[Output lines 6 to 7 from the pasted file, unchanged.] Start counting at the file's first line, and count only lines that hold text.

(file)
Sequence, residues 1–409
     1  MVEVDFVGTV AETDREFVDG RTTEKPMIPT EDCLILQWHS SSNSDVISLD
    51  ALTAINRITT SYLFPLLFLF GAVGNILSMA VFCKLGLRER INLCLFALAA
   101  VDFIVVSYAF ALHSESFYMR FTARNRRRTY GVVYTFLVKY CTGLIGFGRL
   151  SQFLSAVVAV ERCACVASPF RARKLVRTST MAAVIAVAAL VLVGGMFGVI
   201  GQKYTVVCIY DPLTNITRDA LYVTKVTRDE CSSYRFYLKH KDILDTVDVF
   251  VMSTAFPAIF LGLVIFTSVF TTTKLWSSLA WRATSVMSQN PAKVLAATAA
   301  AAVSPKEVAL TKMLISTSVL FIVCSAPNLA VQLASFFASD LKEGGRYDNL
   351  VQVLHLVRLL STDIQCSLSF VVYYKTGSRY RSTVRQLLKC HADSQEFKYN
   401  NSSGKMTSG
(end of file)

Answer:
   201  GQKYTVVCIY DPLTNITRDA LYVTKVTRDE CSSYRFYLKH KDILDTVDVF
   251  VMSTAFPAIF LGLVIFTSVF TTTKLWSSLA WRATSVMSQN PAKVLAATAA